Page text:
At 200 mph, Alumnus Races on the Edge

By ED CARPENTER, OFFICE OF MARKETING COMMUNICATIONS Posted Thu, 01/14/2016 - 14:17

As someone who races sports cars at nearly 200 mph, Charles Kaki Ng ’06, MA ’07 makes mental calculations almost instinctually. It’s a skill, he says, he honed at USF while studying math and economics.

“Racing is sort of like economics,” Ng says. “It’s all about decision making. I have to manage the limits of the car within thousandths of seconds.” 

Ng, a resident of Hong Kong, started racing on tracks around California when he was an international student at USF.

Racing in Sonoma and Salinas

“I fixed up my Miata and hit the race tracks on weekends, including Sonoma Raceway and Laguna Seca, near Salinas,” says Ng, who came to racing late compared to most pros — many of whom start racing before they’re teenagers.

Ng specializes in drift car racing, a hugely popular sport in Japan and China in which judges score racers as they fishtail their cars around corners. He’s won several top-10 finishes at the international level. His best finish so far came in 2013 at the Federation Internationale de l’Automobile World Touring Car Championship in Japan where he finished third. 

“I like the adventure, the challenge, the adrenaline rush,” says Ng, who, as his own independent race manager, uses his economics background to secure sponsorships and endorsements to pay for his cars, mechanics, travel expenses, and more.

“My education put me ahead of others in terms of negotiating and securing funding,” Ng says. 

He’s done promotional videos and performed at new sports car unveilings for Mercedes Benz and McLaren Automotive as well as worked as a driving instructor at Benz’s elite AMG Driving Academy.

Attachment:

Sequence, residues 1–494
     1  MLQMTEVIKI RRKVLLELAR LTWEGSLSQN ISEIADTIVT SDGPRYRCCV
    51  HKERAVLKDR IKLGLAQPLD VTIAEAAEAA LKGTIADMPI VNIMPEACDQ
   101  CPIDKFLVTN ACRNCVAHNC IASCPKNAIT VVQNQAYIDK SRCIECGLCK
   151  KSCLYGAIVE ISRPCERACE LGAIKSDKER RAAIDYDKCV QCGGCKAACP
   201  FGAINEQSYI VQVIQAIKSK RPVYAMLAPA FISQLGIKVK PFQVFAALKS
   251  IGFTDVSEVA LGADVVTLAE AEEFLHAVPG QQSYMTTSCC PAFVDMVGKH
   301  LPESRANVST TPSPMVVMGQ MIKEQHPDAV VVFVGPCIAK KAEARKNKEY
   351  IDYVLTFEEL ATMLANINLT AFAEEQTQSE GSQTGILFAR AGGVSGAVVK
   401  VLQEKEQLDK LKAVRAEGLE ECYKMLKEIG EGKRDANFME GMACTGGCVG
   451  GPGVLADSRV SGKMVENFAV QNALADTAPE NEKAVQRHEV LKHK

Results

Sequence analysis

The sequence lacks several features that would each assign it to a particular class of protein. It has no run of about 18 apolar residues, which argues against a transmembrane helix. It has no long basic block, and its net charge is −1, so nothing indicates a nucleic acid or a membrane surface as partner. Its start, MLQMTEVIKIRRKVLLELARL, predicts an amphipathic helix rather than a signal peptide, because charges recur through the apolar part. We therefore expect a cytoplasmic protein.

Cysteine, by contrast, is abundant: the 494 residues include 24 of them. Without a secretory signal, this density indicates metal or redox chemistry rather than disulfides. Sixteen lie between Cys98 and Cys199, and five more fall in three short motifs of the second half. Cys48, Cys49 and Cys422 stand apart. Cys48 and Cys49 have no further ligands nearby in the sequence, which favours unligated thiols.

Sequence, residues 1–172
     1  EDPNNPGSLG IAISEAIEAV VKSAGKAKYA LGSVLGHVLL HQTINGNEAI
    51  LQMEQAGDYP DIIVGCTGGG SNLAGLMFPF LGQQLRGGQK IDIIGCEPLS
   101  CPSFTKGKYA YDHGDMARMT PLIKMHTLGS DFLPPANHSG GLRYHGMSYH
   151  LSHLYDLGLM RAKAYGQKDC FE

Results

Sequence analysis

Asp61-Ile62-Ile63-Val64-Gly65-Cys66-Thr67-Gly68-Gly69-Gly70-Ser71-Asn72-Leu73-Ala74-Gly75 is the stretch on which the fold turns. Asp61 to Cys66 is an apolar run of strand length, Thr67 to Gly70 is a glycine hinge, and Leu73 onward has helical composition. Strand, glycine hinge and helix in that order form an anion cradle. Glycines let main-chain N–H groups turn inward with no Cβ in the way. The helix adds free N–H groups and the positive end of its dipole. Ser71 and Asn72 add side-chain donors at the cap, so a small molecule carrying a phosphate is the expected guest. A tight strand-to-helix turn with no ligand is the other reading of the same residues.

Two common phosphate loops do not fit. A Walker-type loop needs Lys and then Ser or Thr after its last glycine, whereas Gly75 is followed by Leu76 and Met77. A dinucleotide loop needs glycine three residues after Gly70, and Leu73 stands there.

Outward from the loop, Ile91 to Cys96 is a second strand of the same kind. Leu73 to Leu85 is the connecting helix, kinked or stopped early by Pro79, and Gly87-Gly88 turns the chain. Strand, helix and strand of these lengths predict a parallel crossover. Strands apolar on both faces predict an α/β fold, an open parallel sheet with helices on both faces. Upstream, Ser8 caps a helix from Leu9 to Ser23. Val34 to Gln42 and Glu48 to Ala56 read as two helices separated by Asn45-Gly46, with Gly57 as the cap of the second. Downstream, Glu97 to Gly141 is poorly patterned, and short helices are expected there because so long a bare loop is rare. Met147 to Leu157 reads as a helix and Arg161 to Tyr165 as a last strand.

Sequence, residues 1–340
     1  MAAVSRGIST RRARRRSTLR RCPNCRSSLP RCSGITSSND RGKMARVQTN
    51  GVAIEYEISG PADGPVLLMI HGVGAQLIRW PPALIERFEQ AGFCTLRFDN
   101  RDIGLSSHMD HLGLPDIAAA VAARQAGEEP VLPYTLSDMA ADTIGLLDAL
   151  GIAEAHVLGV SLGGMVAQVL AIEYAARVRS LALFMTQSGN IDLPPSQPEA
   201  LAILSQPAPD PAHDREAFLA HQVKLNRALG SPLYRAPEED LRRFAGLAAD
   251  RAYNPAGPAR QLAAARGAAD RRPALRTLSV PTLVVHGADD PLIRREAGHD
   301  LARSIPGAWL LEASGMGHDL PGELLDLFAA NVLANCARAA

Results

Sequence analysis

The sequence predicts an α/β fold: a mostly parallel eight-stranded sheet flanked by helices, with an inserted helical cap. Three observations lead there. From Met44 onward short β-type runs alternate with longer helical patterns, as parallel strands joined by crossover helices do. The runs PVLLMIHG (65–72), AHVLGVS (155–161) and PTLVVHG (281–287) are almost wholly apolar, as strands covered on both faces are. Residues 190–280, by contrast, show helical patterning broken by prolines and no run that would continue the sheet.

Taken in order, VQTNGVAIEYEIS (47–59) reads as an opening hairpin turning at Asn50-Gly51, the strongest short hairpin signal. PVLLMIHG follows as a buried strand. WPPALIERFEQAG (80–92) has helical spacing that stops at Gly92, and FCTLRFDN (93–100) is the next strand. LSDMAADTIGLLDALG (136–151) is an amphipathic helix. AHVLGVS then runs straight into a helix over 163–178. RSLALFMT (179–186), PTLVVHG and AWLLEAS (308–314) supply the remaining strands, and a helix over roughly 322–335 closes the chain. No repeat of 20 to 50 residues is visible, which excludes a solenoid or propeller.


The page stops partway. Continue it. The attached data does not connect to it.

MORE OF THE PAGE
A budding entrepreneur

This off-season, Ng — who seems always to be looking for his next calculated risk — is starting his own driving school in Japan.

“We’ll be teaching people to drive on ice,” Ng says. But he’s not talking about a winter trip to Tahoe. “They’ll drive fast and go sideways,” Ng says of students who take the three-day ice driving class. 

Beyond that, he’s working to line up investors for his own race team.

“Thanks to USF, I became a good public speaker. So much so that I’m asked to speak at conferences,” Ng says. “And my undergraduate math and graduate economics education gave me the ability and confidence to negotiate deals with international corporate executives.”

Another lasting impression from Ng’s time at USF is friendships with students from other cultures on campus. “I like that USF is so international. And the people are so welcoming and friendly,” Ng says.

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